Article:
My Darling Clementine. – Review – book reviews

Ted Kreiter

The British Empire’s finest hours come to life in this collection of correspondence between Winston Churchill and his wife, Clementine.

Winston and Clementine: The Personal Letters of the Churchills Edited by their daughter Mary Soames 702 pages, Houghton Mifflin Company, $35.00

She called him “my sweet Pug.” He called her “my little Clemmie Kat.” Together they shared one of the most remarkable marriages of the 20th century. Even more extraordinary was their correspondence–letters, love notes, and telegrams continuing from before their marriage in 1908 until shortly before his death in 1965. That correspondence is now an open book, thanks to Mary Soames, their daughter, who has compiled her famous parents’ letters in a delightful book, Winston and Clementine: The Personal Letters of the Churchills.

“What a comfort & pleasure it was to … meet a girl with so much intellectual quality & such strong reserves of noble sentiment,” Winston wrote in his first letter to Clementine Hozier on April 16, 1908. He was 33 and she 23. Clementine and her mother had just spent the weekend at the Churchill residence, Salisbury Hall. “I hope we shall meet again and come to know each other better and like each other more: and I see no reason why this should not be so,” Winston added.

Winston’s letter made no reference to their first meeting at a ball four years before. On that unfortunate occasion, Winston had asked to be introduced to the beautiful young woman across the room, but at the last minute he had suddenly frozen and could think of nothing to say. The embarrassed Clementine had to signal a friend to come to her rescue.

Later, they had met again by chance at a dinner party, and this time Winston was prepared. They were married just six months later. Their correspondence, which had already begun to accrue, would extend over half a century, encompassing personal affairs as well as the broad scope of history from Edwardian politics through World Wars I and Il, and showing a tender side of Winston Churchill so different from his gruff, cigar-chewing image.

In their partnership, Clementine showed her mettle early on. When in 1909 at Bristol Station a suffragette attacked Winston with a dog whip and tried to force him into the path of an oncoming train, she leapt over a pile of luggage and yanked her husband back.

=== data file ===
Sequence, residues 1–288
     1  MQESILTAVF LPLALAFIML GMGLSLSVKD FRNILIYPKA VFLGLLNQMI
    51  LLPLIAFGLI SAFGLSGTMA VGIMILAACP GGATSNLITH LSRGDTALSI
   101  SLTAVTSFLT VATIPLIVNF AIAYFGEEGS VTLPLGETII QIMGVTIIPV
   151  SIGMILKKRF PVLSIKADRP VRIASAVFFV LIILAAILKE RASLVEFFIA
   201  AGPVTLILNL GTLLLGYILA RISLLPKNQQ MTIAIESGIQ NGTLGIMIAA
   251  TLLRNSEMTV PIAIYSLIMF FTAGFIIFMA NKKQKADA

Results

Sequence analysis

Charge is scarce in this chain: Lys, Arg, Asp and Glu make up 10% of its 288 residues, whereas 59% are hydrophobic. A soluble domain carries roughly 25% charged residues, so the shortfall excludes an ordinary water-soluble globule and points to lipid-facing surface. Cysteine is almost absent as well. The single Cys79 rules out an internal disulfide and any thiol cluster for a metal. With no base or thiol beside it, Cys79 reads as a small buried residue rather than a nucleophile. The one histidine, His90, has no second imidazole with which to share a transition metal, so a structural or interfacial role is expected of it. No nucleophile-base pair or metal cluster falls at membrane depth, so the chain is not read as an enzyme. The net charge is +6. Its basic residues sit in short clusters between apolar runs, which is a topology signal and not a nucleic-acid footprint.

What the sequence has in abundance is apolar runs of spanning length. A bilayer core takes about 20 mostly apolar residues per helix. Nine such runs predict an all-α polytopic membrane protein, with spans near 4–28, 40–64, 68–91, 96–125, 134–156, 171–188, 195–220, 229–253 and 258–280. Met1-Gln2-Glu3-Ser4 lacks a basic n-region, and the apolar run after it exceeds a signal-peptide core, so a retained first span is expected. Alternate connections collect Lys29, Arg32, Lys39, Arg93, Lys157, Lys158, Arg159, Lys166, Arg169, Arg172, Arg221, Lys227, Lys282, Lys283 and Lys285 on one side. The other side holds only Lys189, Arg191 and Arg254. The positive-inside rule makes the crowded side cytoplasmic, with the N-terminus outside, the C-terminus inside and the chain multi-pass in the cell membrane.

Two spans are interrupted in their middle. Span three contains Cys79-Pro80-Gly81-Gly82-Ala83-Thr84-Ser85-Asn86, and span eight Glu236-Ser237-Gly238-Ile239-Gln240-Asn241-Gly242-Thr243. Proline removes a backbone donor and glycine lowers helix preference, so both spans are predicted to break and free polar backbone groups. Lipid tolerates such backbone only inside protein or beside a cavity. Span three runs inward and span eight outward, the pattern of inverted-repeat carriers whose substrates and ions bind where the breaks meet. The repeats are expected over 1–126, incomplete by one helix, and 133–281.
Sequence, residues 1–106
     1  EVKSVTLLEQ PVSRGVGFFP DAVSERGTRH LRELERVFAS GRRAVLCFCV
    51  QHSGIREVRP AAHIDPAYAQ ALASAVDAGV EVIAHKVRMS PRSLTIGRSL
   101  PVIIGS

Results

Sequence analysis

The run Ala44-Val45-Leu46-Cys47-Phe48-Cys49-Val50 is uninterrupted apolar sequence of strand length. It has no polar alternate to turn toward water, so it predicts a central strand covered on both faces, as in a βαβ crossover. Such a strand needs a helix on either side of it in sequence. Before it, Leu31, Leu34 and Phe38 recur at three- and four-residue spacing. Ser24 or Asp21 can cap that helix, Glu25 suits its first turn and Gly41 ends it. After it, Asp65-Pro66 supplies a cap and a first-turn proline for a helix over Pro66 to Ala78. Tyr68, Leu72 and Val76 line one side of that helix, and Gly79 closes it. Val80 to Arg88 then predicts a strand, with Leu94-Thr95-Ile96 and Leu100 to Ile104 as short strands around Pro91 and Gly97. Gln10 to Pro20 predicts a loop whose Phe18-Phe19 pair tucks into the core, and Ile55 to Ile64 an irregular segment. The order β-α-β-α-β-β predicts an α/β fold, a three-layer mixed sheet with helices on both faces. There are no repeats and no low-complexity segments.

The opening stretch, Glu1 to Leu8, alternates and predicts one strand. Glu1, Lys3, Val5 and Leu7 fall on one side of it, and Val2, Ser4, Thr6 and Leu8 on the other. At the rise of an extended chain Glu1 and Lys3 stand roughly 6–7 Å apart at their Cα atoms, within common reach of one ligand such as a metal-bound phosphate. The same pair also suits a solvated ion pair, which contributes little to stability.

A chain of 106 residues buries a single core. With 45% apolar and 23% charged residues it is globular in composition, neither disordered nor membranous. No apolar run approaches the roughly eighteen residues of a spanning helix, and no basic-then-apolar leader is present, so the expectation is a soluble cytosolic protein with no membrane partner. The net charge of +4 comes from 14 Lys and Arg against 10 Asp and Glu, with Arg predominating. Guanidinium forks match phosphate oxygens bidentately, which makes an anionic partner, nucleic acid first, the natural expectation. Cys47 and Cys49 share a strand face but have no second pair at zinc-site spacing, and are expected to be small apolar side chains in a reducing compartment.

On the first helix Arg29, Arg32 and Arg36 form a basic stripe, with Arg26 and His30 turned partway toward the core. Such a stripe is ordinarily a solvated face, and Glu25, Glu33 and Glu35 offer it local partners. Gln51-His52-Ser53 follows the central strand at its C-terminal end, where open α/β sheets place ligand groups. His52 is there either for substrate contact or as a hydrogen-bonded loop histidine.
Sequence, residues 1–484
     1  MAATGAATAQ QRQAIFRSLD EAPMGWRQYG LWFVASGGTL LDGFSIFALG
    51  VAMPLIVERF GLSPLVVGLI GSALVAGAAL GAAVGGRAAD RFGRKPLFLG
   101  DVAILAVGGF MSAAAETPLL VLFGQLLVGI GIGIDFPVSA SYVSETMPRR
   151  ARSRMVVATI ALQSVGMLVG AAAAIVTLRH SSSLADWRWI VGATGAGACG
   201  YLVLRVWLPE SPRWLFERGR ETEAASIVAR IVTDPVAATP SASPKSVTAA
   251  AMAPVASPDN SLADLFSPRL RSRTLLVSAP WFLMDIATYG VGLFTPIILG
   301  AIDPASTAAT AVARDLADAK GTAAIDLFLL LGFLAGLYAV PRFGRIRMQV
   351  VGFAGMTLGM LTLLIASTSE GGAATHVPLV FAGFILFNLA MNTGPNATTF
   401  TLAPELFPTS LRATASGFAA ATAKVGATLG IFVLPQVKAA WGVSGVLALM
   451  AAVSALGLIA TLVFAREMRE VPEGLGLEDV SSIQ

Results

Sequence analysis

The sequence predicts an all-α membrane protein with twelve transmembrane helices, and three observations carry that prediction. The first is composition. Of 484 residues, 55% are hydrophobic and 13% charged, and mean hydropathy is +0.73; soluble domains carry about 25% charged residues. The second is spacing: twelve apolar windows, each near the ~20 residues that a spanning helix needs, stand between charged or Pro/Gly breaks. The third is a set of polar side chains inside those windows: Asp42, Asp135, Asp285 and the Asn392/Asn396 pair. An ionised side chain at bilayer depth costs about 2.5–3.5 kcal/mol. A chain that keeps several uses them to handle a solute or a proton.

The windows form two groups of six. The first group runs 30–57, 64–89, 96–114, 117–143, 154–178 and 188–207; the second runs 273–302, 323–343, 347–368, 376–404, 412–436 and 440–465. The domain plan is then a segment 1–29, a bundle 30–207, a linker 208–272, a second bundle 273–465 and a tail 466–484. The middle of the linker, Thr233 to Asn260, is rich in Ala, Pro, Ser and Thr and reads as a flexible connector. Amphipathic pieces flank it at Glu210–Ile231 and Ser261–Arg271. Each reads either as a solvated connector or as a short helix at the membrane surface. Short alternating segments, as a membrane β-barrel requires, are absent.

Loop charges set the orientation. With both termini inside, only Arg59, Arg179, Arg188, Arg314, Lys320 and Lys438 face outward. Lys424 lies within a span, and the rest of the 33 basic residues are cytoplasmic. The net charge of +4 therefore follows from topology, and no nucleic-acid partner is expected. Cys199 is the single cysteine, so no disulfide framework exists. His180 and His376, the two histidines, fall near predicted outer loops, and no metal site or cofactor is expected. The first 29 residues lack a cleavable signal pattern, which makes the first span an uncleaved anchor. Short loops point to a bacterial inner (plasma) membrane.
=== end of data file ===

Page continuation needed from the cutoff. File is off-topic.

Actually, Clementine supported women’s suffrage, and Winston (who never spoke against it) respected her views. In a letter from Dundee he wrote,

“My darling–

“… I hope you will not be angry with me for having answered the suffragettes sternly. I shall never try to crush your convictions. I must claim an equal liberty for myself I have told them that I cannot help them while the present tactics are continued…. “

The railway escapade wasn’t Winston’s only harrowing experience that year. In October he had written to “Clemmie” from the Queens Hotel in Dundee.

“My Darling, This hotel is a great trial to me. Yesterday morning I had half eaten a kipper when a huge maggot crept out & flashed his teeth at me! To-day I could find nothing nourishing for lunch but pancakes. Such are the trials wh great & good men endure in the service of their country!”

Early in their correspondence, the couple began using pet names and adorning their letters with small sketches of dogs and cats. When their first child, Diana, was born in July of 1909, the new baby entered the correspondence as “the P.K.,” an abbreviation for “puppy kitten.”

28 October [1909] The Crest Hotel, Crowborough

My Darling,

… We went, Hodgy Podgy, P.K. & all to have tea with Lady Conan Doyle [wife of Sir Arthur Conan Doyle]. The PK. had exquisite company manners & looked too lovely making the little Conan Doyle child look such a fat lump.

Your loving Clemmie Kat

For his part, Winston appeared to be far ahead of his time in his concern for his child’s health.

11 July 1911 [Home Office]

My dearest one–

I bought some toys for the P.K. last night–but she is so little that it is difficult to know what will amuse her. Be careful not to let her suck the paint off the Noah’s Ark animals. I hovered long on the verge of buying plain white wood animals–but decided at last to risk the coloured ones. They are so much more interesting. The Shopman expressed himself hopefully about the nourishing qualities of the paint & of the numbers sold–and presumably sucked without misadventure. But do not trust to this….

With fondest love, Always your devoted W.

Among the great happenings of the day to be registered in their letters was the tragic sinking of the ship Titanic on April 14, 1912.

Clementine, who had been in Paris viewing that spring’s solar eclipse, wrote Winston on the 17th, “The horror of the Titanic overshadows everything.”

Winston replied from England the following day: